The infographic within this blog is pretty interesting.
For instance, the best time to post content is 3pm on a Wednesday.
And this needs to be taken seriously, 25% of those who complain about a brand on Facebook or Twitter expect a response within the hour. 6% expect a response within 10 minutes.
Check it out.
(Thank you Kevin Gonsalves for sharing this article with me).
This is helpful.
If you are anything like me, asking for help is not always appealing. Some see it as a sign of weakness, others might be afraid of the response they might get, or perhaps it’s the idea of being seen as someone who is a bit daft – it all boils down to vulnerability, really.
Having faith in the folks you’ve asked to help you will be true to their word.
Many of us who have been bitten have learned not to trust, not to ask for help, and not to have faith in the communities we have built and live within.
Unfortunately, we focus on the negative; like in a talent review where our reviewer tells us ten things that are terrific about our performance, but the only thing we hear is the one thing he mentions we might improve upon. We walk away feeling a bit defeated, ignoring the good.
Enter Amanda Palmer, or “Amanda Fucking Palmer” the alt-rock icon whose TEDx talk “The Art of Asking” was posted last week on Ted.com.
She believes that all content, music in particular, should be freely shared on the internet and that the artist distributing the content should be supported and paid by her fan base, her community, simply because she has asked them.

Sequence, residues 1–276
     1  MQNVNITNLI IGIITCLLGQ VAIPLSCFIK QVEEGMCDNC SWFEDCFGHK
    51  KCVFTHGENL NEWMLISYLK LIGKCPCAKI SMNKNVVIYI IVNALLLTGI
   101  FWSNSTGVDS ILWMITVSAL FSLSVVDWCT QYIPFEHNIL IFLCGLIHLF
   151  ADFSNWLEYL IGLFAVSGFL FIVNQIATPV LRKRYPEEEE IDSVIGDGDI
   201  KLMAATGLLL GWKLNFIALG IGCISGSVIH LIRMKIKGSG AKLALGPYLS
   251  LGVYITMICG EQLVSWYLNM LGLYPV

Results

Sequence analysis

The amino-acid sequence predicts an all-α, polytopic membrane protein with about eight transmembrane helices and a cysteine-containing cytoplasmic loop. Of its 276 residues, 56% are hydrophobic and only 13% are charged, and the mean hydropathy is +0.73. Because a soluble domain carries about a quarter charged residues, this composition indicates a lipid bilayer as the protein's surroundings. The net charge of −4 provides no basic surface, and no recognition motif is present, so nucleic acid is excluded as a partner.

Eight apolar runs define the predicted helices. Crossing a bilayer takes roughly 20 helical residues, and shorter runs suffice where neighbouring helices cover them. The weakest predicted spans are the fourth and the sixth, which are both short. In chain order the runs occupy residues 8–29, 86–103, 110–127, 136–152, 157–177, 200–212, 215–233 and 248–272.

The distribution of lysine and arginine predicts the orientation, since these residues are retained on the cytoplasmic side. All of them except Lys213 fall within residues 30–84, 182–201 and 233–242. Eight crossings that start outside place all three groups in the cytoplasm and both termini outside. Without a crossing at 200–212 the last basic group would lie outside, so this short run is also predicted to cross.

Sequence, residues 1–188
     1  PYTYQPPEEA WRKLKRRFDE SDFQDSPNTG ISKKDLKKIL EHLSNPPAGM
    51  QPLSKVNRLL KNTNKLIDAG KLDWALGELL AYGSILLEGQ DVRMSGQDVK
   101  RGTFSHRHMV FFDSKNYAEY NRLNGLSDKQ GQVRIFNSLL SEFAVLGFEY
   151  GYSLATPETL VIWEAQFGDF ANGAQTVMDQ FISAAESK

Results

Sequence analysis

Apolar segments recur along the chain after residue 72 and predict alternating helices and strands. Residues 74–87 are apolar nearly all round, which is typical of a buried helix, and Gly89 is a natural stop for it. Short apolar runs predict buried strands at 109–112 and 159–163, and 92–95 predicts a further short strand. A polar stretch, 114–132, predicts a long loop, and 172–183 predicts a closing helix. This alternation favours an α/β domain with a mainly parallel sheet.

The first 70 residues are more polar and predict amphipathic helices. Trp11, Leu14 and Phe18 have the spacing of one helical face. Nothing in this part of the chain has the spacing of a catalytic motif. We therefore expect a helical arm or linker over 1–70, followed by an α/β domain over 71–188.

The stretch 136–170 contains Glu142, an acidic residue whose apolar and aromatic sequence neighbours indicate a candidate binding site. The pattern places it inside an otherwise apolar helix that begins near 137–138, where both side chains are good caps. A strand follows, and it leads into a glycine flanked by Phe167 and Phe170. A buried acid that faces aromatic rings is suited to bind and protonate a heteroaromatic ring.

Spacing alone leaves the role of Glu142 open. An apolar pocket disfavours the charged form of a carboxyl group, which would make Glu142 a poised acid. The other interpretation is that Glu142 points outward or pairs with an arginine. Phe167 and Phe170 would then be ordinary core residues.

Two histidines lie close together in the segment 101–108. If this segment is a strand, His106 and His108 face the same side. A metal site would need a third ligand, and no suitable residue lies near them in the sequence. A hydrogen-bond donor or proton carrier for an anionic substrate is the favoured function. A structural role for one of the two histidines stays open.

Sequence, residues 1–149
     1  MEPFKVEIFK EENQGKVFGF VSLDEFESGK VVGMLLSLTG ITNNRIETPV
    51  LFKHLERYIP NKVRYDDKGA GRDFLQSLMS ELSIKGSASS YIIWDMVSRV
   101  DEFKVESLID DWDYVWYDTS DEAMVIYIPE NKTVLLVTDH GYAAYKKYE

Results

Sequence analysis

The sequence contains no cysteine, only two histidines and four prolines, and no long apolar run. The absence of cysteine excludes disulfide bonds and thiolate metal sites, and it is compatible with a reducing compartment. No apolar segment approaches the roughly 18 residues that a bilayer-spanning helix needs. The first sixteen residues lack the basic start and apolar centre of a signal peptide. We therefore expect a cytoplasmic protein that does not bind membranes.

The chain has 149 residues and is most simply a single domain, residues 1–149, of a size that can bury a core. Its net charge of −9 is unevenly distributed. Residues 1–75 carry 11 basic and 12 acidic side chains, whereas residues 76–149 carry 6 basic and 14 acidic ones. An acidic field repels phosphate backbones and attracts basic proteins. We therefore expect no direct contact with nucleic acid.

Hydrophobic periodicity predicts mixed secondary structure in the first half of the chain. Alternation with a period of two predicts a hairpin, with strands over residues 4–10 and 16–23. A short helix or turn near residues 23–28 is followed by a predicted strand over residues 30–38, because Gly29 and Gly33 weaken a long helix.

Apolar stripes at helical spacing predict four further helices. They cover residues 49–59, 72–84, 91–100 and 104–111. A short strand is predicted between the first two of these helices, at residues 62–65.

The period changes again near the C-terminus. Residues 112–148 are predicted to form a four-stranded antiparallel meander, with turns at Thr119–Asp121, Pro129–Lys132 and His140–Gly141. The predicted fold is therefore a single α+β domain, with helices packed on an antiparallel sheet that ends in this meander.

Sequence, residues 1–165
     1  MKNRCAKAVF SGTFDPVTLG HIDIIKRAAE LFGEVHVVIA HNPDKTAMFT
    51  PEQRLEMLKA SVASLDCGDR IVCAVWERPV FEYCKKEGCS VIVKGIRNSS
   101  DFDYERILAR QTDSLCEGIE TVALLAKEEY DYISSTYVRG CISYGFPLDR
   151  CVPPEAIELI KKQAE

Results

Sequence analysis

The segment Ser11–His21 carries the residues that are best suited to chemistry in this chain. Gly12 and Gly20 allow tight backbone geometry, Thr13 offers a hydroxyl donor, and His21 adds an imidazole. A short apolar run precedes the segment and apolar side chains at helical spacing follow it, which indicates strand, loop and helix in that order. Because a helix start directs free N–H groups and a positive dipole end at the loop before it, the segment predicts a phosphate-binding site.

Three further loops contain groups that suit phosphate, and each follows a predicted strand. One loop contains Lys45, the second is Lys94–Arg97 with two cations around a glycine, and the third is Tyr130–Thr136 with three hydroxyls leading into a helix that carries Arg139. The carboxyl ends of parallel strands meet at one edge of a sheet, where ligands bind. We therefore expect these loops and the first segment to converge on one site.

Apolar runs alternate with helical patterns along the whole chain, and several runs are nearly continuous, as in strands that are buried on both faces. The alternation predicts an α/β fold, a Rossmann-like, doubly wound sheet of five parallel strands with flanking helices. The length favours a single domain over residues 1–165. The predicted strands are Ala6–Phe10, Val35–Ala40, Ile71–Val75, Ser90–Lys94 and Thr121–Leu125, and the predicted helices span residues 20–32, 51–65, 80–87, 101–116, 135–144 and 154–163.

Amanda is known for the incredible success of the Kickstarter campaign she created to raise funds for a new album through customer pre-orders, the results of which I won’t share and ruin the surprise.
This video is well worth the 15 minutes it takes to watch it. It’s awesome, in fact.
What came through in her inspiring message, aside from the asking, was trust.
Trusting those within our communities to believe in us, and support what we are doing, simply because they like us.
This past weekend, my reading list included “Six Pixels of Separation” by Mitch Joel, who was described by Marketing magazine as a “Rock Star of Digital Marketing” and was named Canada’s Most Influential Male in Social Media in 2008.
The theme of Mitch’s book is “Everyone is connected. Connect your business to everyone”.
A paragraph from the book that stood out, and was therefore highlighted (prior to seeing Amanda Palmer’s video):
“Longtime loyalty and building trust with your consumers boils down to one hard reality: People will buy from you and want to stay connected to you only if they are getting a real interaction from a real human being.”
Trust. Trust in your community.
Asking. Asking those you trust.
Ask your community.
The message is clear.
Build a solid fan base, a community, be real, and have faith that they will consume and pay for your digital products because you have asked them to.